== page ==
Season three has some marvellous minor/cameo roles again of course. Max Greenfield plays the manager(s) of the Denouement hotel (though I don’t recall him being quite so good-looking in the book). Peter MacNichol (who I first saw in Ally McBeal) plays a slightly suspicious hippy guru, and it is wonderful seeing him in something other than a suit for a change! That’s something this show has done for nearly every member of its cast: portrayed their characters against their usual type. Just wait until you see Richard E Grant in this new season: you will not recognise him! The minor characters are brought to life more vividly than in the books again, just as Jacques Snicket was in season two. Sometimes this is done by making alterations (to gender, age, etc.), but sometimes it is just a little extra depth or richness to the character writing. A beautiful relationship blooms which wasn’t in the book (or at least not developed so clearly), but I don’t mind: it is beautiful, and it aids in the development of both characters.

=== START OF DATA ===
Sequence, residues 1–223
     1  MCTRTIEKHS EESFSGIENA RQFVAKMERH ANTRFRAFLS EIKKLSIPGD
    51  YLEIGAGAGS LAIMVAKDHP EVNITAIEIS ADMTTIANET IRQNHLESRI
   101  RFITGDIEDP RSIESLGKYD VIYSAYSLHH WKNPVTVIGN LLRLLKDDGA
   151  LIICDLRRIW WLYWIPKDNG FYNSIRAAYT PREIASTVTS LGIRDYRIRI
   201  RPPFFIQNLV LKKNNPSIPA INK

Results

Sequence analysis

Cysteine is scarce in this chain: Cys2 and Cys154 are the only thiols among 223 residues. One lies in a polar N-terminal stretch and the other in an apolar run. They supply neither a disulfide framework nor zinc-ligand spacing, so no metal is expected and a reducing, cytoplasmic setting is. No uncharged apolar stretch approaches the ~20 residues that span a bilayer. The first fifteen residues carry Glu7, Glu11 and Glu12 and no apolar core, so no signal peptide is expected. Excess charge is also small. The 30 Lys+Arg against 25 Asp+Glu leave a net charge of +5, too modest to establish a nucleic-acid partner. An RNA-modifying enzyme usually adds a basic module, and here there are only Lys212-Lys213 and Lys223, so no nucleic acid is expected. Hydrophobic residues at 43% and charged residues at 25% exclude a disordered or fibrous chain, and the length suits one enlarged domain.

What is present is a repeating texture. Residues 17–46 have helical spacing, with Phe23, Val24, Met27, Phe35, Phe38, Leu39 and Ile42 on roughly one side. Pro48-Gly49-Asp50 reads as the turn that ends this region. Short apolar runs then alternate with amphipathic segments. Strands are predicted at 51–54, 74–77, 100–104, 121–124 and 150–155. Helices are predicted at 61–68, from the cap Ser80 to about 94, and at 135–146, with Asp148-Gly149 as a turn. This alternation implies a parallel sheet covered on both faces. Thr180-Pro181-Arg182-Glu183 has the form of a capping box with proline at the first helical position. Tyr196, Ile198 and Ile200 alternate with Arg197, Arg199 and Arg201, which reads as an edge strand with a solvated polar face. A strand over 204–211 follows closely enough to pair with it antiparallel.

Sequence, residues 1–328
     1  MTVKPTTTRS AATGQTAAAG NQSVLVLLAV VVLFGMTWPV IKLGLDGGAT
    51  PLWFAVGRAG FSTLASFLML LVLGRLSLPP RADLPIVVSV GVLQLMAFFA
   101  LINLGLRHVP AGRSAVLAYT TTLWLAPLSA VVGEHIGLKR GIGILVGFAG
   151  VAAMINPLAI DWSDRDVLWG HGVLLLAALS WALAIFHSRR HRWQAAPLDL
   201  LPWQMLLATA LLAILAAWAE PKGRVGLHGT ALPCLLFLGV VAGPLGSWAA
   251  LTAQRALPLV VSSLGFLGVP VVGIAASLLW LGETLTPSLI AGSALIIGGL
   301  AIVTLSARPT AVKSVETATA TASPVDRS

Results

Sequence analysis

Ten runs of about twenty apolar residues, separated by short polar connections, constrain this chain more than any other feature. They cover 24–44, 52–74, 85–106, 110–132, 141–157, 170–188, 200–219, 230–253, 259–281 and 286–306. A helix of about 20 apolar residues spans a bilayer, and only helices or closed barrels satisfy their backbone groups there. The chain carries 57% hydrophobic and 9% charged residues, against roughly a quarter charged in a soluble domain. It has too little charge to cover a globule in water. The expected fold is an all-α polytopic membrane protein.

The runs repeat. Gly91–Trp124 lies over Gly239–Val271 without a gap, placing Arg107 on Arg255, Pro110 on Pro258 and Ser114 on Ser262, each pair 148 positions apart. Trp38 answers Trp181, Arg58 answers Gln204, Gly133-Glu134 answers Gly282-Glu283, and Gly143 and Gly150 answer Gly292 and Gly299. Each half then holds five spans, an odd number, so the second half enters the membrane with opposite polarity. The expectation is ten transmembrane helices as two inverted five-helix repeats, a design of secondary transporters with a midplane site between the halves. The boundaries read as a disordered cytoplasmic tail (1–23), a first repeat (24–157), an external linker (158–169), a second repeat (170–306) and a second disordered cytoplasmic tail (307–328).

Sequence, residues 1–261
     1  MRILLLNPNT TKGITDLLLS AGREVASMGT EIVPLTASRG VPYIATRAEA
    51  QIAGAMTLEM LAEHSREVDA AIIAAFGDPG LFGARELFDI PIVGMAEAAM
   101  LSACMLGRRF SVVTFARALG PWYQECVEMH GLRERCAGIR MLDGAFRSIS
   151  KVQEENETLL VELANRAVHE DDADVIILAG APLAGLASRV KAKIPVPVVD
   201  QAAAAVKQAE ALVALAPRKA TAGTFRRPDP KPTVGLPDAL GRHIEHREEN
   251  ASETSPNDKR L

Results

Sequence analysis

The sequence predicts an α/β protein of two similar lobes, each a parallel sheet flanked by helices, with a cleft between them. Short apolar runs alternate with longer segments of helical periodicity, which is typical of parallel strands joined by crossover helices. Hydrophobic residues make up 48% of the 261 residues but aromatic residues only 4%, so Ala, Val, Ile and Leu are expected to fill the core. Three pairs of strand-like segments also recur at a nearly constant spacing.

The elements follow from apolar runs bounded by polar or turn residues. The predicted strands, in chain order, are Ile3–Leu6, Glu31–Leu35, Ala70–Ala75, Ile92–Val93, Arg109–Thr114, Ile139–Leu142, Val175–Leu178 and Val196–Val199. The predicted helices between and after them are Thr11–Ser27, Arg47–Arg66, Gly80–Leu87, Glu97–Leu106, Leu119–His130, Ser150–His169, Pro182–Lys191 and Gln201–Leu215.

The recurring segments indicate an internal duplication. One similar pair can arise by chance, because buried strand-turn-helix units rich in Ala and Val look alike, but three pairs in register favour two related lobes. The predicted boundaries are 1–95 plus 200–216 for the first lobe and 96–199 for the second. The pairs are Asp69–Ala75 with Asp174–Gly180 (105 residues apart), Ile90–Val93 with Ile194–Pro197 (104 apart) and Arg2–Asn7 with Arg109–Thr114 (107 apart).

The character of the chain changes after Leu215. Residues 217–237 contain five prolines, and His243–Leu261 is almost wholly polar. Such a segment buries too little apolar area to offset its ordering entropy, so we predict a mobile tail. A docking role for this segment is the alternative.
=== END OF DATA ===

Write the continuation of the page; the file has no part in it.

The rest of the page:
This part of the Series of Unfortunate Events shows the Baudelaires – especially the older two – becoming more mature; not just in age, but in recognising that the right decision to make isn’t always obvious. There is a delicious moral complexity (just complex enough to be suitable for adolescent minds) that threads throughout the stories in season three; starting with the orphans, though others pick up on it as well. It was there through the books, and translates very successfully to the screen. Honestly, if fans still had any concern about the success of the adaptation, I’m sure looking back on it at the end they will be satisfied. There are some who want every detail included in the adaptation, but I’m of the opinion that a precise adaptation may not have fitted quite so well in the television medium. Even the ending is faithful to the books, though a little ambiguity was removed: readers may have been comfortable with that in a way that television viewers may not; so again, I have no trouble accepting that decision.